OC Muslims sued FBI to ‘protect the Constitution, citizens, and democracy’

Former Religious Director of the Orange County Islamic Foundation and Director of the Mental Health Department at Access California Services Sheikh Yassir Fazaga is optimistic about the Supreme Court decision in the case involving him and two other Muslim plaintiffs accusing the FBI of illegally surveiling them and the Muslim community of Orange County in 2006 and 2007. 

“[It] will protect the Constitution, citizens and democracy. That's what we want,” said Fazaga, currently the director of counseling services at the Memphis Islamic Center in Tennessee.

The Supreme Court decision was to dismiss all claims against the FBI except for the invocation of the state secrets privilege. 

“We are expecting an opinion early June – July at the latest – to see what the Supreme Court says, and they will set the parameters on what the lower courts can do and which claim of ours can move forward,” said Amr Shabaik, civil rights managing attorney at Council of American-Islamic Relations Los Angeles (CAIR-LA) and the leading lawyer on the case.

If the Supreme Court decides in favor of CAIR-LA and plaintiffs, lower courts can continue the case, which questions the Foreign Intelligence Surveillance Act of 1978 (FISA) and the state secrets privilege, according to Shabaik. 

FISA and the state secrets privilege protect law enforcement and the government in the use of surveillance on citizens and the power to dismiss cases that may lead to a potential national security threat if certain information gets out to the public. 

Fazaga, along with two other plaintiffs Ali Malik and Yasser AbdelRahim, argue that the invocation of these powers are violations of the Constitution.

This case, which was filed in 2011, all started when the plaintiffs heard claims back in 2006 that the FBI was surveilling Muslims. At that time, the FBI had a town hall meeting with CAIR and Fazaga, according to both Shabaik and Fazaga.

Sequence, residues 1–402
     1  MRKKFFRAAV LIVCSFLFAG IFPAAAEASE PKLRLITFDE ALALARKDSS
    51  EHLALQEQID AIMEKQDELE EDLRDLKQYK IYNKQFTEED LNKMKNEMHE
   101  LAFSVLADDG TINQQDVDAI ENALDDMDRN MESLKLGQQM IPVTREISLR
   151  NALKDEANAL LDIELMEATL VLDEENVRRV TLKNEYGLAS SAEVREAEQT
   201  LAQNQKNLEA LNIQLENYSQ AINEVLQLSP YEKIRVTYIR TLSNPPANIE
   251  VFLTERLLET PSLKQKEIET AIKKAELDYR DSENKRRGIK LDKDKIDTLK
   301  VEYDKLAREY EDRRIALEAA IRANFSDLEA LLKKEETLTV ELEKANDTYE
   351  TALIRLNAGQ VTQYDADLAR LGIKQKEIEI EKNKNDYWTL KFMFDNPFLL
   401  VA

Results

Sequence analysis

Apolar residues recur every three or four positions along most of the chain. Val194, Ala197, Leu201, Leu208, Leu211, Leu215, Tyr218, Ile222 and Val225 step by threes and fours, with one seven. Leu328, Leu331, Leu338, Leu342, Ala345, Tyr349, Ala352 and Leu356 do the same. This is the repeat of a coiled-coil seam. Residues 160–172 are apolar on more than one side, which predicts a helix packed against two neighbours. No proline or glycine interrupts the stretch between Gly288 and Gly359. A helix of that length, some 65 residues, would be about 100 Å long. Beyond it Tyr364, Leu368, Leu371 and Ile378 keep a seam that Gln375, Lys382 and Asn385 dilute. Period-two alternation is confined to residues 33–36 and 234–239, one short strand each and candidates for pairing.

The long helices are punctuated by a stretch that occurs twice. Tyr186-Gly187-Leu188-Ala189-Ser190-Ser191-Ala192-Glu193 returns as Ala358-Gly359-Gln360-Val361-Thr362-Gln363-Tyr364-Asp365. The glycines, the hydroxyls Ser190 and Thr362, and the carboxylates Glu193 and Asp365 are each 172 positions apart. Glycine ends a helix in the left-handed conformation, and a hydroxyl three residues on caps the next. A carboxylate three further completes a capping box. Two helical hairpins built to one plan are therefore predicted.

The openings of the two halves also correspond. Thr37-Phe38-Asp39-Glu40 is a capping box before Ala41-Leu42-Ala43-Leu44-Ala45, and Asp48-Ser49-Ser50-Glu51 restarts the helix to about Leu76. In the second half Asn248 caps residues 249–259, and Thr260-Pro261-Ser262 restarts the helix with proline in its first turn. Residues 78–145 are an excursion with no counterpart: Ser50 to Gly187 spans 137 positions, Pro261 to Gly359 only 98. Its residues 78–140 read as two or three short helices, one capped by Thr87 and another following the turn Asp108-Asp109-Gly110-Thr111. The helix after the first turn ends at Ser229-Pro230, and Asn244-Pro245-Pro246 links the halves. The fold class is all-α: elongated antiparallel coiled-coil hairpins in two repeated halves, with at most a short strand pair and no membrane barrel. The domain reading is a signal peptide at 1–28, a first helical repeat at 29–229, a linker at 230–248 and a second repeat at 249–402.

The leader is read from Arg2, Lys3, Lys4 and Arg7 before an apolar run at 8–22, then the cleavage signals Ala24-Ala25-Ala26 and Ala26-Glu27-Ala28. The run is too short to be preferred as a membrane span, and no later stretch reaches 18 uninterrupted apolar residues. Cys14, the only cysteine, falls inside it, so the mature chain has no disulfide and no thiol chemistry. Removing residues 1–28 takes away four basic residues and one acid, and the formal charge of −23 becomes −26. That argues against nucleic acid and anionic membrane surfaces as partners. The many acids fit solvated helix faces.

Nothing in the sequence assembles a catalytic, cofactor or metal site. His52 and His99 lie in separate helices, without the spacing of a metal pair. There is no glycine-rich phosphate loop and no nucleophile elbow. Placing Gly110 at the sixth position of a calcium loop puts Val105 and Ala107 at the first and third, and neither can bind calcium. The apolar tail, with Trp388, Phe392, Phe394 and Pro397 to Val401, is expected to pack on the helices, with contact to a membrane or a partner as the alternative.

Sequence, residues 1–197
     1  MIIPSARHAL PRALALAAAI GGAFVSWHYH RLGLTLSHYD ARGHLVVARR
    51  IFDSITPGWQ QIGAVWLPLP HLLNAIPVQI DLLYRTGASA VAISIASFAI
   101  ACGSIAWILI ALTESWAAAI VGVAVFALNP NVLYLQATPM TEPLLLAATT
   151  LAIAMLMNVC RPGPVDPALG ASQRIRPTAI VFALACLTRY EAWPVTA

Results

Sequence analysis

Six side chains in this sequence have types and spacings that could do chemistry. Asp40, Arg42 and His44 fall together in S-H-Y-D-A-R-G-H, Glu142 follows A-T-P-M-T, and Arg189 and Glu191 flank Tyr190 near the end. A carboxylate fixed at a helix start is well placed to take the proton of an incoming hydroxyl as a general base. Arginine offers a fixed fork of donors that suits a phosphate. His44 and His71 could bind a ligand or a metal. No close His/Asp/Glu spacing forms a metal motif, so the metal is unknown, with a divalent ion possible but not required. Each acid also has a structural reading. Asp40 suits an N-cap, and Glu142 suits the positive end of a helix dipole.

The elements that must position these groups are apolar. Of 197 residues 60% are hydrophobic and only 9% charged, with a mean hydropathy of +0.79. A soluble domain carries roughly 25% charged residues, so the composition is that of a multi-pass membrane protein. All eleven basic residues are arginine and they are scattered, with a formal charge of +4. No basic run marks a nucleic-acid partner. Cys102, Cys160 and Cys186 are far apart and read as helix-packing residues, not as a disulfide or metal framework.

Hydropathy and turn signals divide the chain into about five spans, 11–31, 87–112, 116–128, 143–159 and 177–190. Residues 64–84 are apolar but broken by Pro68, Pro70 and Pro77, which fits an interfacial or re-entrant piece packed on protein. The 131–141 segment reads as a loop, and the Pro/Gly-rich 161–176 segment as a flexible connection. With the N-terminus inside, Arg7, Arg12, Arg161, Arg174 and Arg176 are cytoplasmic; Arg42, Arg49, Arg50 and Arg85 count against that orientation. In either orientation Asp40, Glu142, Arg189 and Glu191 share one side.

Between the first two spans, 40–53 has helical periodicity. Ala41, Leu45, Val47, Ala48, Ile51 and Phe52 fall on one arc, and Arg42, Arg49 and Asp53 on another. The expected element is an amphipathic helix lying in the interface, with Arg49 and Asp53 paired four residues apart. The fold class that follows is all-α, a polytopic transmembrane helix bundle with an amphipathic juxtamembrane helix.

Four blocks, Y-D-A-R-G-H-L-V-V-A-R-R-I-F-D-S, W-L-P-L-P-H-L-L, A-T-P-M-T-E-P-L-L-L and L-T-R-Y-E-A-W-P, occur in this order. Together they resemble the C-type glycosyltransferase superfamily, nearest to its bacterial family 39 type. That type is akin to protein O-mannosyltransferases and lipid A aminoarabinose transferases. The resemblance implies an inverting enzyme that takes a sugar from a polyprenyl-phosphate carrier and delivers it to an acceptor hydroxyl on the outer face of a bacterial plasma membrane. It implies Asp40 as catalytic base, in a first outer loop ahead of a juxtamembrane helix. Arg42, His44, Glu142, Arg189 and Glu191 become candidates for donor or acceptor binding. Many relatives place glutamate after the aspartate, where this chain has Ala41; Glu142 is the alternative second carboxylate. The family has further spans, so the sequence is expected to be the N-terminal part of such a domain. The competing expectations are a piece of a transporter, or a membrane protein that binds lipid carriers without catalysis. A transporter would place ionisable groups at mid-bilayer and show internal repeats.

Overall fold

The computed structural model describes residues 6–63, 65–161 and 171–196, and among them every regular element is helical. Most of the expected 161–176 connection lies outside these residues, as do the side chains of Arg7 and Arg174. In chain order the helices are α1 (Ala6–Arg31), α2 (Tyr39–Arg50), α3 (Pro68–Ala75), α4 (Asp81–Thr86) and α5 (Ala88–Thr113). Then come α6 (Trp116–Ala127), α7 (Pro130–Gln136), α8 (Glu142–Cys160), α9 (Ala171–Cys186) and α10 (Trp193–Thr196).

Little did Fazaga know that the FBI had an informant surveilling him at the time.

This FBI Informant, Craig Monteilh, outwardly embraced Islam in the Islamic Center of Irvine in July 2006 and went to various mosques, according to Shabaik. Monteihl “had the constant desire to talk about Jihad and was always insisting and making the congregation want violence. It was weird. I remember getting phone calls from community members telling me that he wants to talk but only talks about this stuff. It was a huge red flag for us,” Fazaga said.

Monteilh would not only try to incite violence, but would also leave recording devices in mosques and even in a therapist’s office, according to Fazaga.

“According to the informant, he had placed listening devices in my office. And remember I'm also a therapist, so they were recording meetings that were confidential,” Fazaga said. “He would also just walk around randomly. He would end up leaving his keys and stuff behind all the time and leaving recording devices to record people’s conversations.”

Even though it’s been a decade since the case was filed, Fazaga is hopeful that the Supreme Court will uphold the Constitution. 

In addition, Fazaga and Shabaik both want college students to lead the activism against state-sponsored Islamophobia, and be generally more aware that the case is not only for the rights of Muslims, but all Americans.

“Be informed of everything happening to the Muslim community. Colleges are put in place to create awareness of issues such as this case filed by Islamophobia. Be aware of your rights,” Shabaik said.

Specifically for Muslims, Shabaik advises: “If Muslim students get surveilled against by the FBI, you have the right to remain silent and contact CAIR or any other organization for the right to have access to a lawyer. You can make people on campus aware and have campaigns,” he said. “Awareness and continuing to advocate these issues on college campuses.”

Regardless of the outcome of the case, Fazaga is proud of the legal fight. 

“I’m happy that we’re fighting and that's really important. I hope the case is not just about me but awakens many stories for people who have been violated in any way and that there are other stories similar but have never been able to be brought out to the public,” Fazaga said. “It’s also important that the case is not just about Muslims. It's about all citizens.”

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